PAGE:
By Brian Van Bower
It’s a great time to be a watershaper.
With so many talented designers out there, it’s a world in which it’s increasingly common to rush past conventional boundaries and deliver projects that delight the eye, warm the spirits and bring smiles to the faces of those lucky enough to enjoy them. There are extraordinarily skillful builders and subcontractors out there as well – people whose ability and determination are
making the execution of the extraordinary seem like no big deal.
Most important of all, there’s a substantial population of home and property owners who are adventurous and forward-looking enough that they’re willing to see what develops. Some participate in the process, while many others sit back and enjoy the ride.
The project covered here is one of these amazing projects – a unique collaboration of artists who had the opportunity to turn an already dramatic setting into something truly spectacular.
Our own role in this project was limited: We were brought in by the pool contractor to consult on key hydraulic issues and played only a small part on the creative side – but the results are so awesome that our staff at Aquatic Consultants (Miami, Fla.) takes great pride in saying, “Yeah, we worked on that one.”
AN ELEVATED STAGE
The project is located on Singer Island, just to the north of Palm Beach, Fla. It’s associated with the penthouse of a building that rises more than 20 stories above the beach – a privileged perch offering spectacular views on all sides.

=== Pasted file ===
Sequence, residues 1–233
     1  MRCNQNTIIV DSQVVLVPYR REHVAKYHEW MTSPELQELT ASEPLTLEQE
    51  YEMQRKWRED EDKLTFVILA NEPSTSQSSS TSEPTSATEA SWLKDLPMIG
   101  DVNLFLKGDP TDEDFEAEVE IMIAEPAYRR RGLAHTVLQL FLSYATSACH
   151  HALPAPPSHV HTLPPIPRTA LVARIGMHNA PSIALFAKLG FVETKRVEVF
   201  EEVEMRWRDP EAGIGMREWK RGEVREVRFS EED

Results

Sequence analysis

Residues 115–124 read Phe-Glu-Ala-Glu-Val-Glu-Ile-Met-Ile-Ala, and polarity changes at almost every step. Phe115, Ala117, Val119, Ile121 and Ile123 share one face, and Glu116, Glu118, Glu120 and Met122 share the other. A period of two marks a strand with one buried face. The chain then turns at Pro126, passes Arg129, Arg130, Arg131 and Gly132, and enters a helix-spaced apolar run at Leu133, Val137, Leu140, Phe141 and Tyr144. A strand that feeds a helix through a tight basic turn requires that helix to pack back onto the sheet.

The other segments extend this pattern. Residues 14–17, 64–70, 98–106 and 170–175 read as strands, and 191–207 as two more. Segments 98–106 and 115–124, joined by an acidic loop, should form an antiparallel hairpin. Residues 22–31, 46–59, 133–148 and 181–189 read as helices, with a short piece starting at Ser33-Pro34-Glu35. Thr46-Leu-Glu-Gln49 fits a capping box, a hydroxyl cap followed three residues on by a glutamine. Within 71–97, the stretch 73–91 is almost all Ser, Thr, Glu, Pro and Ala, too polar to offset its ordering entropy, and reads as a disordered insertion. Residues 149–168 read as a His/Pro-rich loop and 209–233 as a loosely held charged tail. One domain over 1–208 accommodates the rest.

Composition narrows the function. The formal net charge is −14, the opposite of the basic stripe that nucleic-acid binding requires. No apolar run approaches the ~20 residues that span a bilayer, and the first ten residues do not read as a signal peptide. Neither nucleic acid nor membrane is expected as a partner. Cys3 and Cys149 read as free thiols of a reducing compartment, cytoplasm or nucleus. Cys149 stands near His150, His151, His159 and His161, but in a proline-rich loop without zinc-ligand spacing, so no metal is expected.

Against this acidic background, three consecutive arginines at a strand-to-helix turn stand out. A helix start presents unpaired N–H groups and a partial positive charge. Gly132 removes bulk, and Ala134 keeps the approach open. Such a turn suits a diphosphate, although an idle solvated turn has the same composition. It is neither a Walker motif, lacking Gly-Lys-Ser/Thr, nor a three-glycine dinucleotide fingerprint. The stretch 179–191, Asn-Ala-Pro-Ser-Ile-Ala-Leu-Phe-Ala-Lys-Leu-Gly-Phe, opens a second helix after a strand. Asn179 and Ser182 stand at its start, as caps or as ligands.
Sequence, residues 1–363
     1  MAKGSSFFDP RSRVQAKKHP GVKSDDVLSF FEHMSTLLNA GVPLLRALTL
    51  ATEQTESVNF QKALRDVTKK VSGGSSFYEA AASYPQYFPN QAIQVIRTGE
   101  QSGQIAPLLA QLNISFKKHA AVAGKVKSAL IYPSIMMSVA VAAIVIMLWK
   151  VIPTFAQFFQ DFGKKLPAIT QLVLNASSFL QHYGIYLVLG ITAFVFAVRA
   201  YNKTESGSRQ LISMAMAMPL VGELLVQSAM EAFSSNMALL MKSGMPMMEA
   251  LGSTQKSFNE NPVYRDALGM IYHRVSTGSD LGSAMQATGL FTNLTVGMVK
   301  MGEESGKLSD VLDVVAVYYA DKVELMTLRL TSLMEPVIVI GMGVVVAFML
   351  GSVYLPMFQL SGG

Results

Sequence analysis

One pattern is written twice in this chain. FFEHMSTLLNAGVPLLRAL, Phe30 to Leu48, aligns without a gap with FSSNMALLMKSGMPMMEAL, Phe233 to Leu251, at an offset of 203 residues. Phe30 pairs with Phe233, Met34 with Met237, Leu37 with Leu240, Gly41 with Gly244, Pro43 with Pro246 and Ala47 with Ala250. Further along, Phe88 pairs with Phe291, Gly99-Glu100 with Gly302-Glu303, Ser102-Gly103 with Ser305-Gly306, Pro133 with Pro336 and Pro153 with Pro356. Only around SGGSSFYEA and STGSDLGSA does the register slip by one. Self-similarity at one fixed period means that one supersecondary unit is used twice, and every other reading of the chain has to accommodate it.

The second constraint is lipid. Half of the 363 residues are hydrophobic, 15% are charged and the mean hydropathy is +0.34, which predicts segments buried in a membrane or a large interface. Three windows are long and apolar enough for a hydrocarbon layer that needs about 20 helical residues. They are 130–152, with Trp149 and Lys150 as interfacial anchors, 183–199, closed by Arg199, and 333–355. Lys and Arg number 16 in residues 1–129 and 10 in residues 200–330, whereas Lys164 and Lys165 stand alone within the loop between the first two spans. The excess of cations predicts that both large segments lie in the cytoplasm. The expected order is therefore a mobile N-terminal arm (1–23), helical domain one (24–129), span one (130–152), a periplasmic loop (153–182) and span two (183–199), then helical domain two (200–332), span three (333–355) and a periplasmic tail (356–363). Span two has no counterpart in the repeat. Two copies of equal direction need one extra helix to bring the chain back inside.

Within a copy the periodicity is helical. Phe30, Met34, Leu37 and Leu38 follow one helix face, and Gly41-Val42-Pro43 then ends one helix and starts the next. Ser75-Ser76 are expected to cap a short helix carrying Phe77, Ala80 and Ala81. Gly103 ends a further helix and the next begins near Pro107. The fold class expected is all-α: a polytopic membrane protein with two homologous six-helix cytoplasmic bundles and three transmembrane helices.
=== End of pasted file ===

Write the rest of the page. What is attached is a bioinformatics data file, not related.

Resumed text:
The homeowner worked with Krent Wieland of KWD Landscape Architecture (Delray Beach, Fla.) to prepare the design and run the project in association with Willoughby Construction, a general contractor based in Jupiter, Fla. Willoughby hired AAA Custom Pools (also based in Jupiter) to complete the spa and systems related to the stacked waterfeature.
We had worked with the landscape architect and the pool contractor before, so stepping into the process was fairly easy for us.
|The tiered waterfeature is a marvelous glass structure assembled by Christopher Reisert of Reflective Collections (West Palm Beach, Fla.). By day, its beauty reminds me of glass block compositions I liked many years ago. By night, a custom lighting system makes it stand out with an otherworldly glow. (All photos by Josh Quick, J Quick Studios, Jupiter, Fla.)|
But there was quite a bit to be done in a very small space that was to include three substantial water elements: the abovementioned spa and waterfeature as well as an outdoor-kitchen service table with a runnel that spanned its length and spilled into a glass tank.
The artistic glass treatments related to the runnel and the waterfeature were prepared by Christopher Reisert of Reflective Collections (West Palm Beach, Fla.). I particularly admire his brilliant restatement of the glass-block look: This was a detail I personally liked in its 1980s/’90s heyday, and I was delighted to work with such a creative extension of the concept.